Privilege Masquerading as Superiority

Last year while at the CyberTitan National Finals in Fredericton I happened to be standing by Sandra Saric, ICTC’s VP of talent innovation, during a photo opportunity where the fifty or so student competitors were all together on a long stairway.  Under her breath she wondered, “where are all the girls?”  There were maybe three or four female contestants.  Sandra’s comment resonated with me and I became determined to put together a female team that would get their own points and where no one is ‘just a sub’.


CyberTitan and Cyberpatriot have doubled down on this focus on bringing women into a cybersecurity industry that has only moved from 11% to 20% female participation in the past five years.  For the
2018-19 season any all-female teams had their costs waived.  For a program that isn’t rolling in support, that made a big difference and enabled me to pursue this inequity.


Graduating girls into non-traditional careers is an ongoing challenge in education.  Pushing against social norms is never easy, particularly so in our conservative, rural school where gender expectations tend to be even more binary and specialized program support significantly lower than in urban environments.  I’ve managed to have one or two graduating female computer technology focused students each year, but even that small step has only come after massive effort, and it’s not nearly enough.  Even with all that stacked against us, we still managed a 33% female participation rate in CyberTitan this year, and of our six Skills Ontario competitors, two were female.  We’re aiming to raise that even higher next year.


This year CyberTitan made a point of trying to address the very one sided gender participation in the cybersecurity industry by making the national wildcard position open to all-female teams.  There were only 15 out of 190+ teams in the competition, and our Terabytches finished in top spot.  We were delighted to discover that one of our boy’s teams actually finished one place out of the top four eastern teams.  A number of people (oddly all male)  grumbled about the all-female wildcard spot, but the irony is that we knocked ourselves out of the finals.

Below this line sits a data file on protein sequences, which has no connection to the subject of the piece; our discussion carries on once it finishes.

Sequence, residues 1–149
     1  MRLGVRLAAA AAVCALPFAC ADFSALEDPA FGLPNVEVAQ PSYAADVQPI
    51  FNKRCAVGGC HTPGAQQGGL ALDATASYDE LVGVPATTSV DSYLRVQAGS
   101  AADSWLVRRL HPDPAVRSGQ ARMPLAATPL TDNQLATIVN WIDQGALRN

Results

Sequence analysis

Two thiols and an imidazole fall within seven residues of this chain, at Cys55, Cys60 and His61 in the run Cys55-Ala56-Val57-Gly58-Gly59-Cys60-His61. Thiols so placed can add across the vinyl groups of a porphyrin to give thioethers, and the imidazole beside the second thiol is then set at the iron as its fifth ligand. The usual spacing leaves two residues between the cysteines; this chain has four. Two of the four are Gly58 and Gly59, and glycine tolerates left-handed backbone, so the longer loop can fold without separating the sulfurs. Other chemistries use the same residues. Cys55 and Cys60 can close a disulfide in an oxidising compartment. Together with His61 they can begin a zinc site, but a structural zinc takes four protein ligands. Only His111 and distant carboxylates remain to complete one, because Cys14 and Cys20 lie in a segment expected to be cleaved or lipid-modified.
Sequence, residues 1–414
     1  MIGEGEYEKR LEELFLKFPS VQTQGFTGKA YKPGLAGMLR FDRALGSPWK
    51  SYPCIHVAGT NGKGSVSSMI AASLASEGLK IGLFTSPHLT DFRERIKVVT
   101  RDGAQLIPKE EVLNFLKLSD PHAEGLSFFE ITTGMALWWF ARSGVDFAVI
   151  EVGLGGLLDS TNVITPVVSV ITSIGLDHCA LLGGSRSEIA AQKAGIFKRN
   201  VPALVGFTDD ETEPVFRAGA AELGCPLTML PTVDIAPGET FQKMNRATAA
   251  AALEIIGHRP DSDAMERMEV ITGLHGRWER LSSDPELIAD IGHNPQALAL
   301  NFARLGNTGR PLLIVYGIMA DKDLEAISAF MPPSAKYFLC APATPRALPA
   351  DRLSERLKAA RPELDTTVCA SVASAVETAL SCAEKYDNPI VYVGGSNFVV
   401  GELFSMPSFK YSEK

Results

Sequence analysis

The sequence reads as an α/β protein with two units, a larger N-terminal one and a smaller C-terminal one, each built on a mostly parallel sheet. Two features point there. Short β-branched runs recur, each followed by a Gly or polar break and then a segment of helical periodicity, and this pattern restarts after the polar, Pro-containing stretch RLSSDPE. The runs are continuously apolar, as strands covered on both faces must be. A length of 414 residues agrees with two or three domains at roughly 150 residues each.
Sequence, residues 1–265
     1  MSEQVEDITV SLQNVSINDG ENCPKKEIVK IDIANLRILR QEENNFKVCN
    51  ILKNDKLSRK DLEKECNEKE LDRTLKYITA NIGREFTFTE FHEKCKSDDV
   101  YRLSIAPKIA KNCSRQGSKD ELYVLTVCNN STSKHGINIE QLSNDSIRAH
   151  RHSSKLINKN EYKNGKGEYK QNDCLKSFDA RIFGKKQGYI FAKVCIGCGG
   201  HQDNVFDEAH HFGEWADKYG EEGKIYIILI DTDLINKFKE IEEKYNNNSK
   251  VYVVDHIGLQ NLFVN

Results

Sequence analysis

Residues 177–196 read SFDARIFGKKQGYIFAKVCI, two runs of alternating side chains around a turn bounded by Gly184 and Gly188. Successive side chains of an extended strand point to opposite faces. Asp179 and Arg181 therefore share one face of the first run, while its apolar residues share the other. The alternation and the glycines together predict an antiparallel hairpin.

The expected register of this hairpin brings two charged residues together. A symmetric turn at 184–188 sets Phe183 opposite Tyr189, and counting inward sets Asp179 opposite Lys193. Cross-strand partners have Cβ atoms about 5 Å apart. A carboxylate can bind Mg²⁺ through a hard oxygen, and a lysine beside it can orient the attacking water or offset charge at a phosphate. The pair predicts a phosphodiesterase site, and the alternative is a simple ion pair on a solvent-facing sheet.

Taking an all-female team meant that I needed a female chaperone with us.  Fortunately, our board’s head of dual credit programming is a triple threat.  Not only is she very tech focused (her student just won top secondary brick layer in Ontario!), but she’s also computer science qualified and an absolute joy to travel with (I went to Skills Canada Nationals in Edmonton with her last year), so I quickly asked her to join us when the call came through to bring our girls to nationals.  Not only did she not need coverage herself, but she kindly covered mine so my school literally paid nothing for this trip.


I like to think I’m pretty sensitive to gender roles in the first place, but taking an all-female crew to this event had me constantly seeing micro-aggressions I might have otherwise missed.  Within five minutes of picking up the Toronto (all-male) teams on the bus ride to Ottawa, one of them had intimated that we were only there because we’re a girl’s team.  Another later said that it’s not fair that girls are getting special attention.  It must be tough when everything isn’t about you all the time.  These comments were a daily occurrence from all the other teams, even the two co-ed ones, one of the girls of which said that she was just the sub.


That same Toronto team was able to attentively listen to a male speaker during the visits to cybersecurity companies in the Ottawa area after the competition, but the moment a woman stepped up to speak they began a loud and rude conversation among themselves.  I wonder how often these little princes (who did ever so well in the competition) have had their gender superiority enforced to develop such outstanding habits.


Walking in to the competition, our team had all signed in but one and as she reached for the pen a boy from another team stepped in front of her like she wasn’t there.  Talking to Joanne and the team about it after, they shrugged and said, “you get used to it.”  By that point I’d been triggered by this so much that my already light grip on my aspie-ness was slipping and I was starting to get right angry, but even that anger response is couched in a male sense of privilege.  When a man gets angry it’s seen as assertiveness, when a woman gets angry she’s a bitch, which brings up yet another point.